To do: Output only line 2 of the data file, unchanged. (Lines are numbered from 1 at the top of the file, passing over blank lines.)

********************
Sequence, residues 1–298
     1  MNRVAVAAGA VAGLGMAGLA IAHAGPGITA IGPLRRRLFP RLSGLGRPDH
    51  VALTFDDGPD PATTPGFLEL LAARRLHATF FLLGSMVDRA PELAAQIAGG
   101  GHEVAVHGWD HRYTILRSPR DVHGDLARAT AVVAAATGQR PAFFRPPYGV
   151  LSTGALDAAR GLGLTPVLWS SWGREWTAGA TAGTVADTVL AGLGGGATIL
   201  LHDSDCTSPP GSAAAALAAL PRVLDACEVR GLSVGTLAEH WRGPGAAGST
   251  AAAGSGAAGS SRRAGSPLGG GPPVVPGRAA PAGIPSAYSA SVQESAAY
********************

     1  MNRVAVAAGA VAGLGMAGLA IAHAGPGITA IGPLRRRLFP RLSGLGRPDH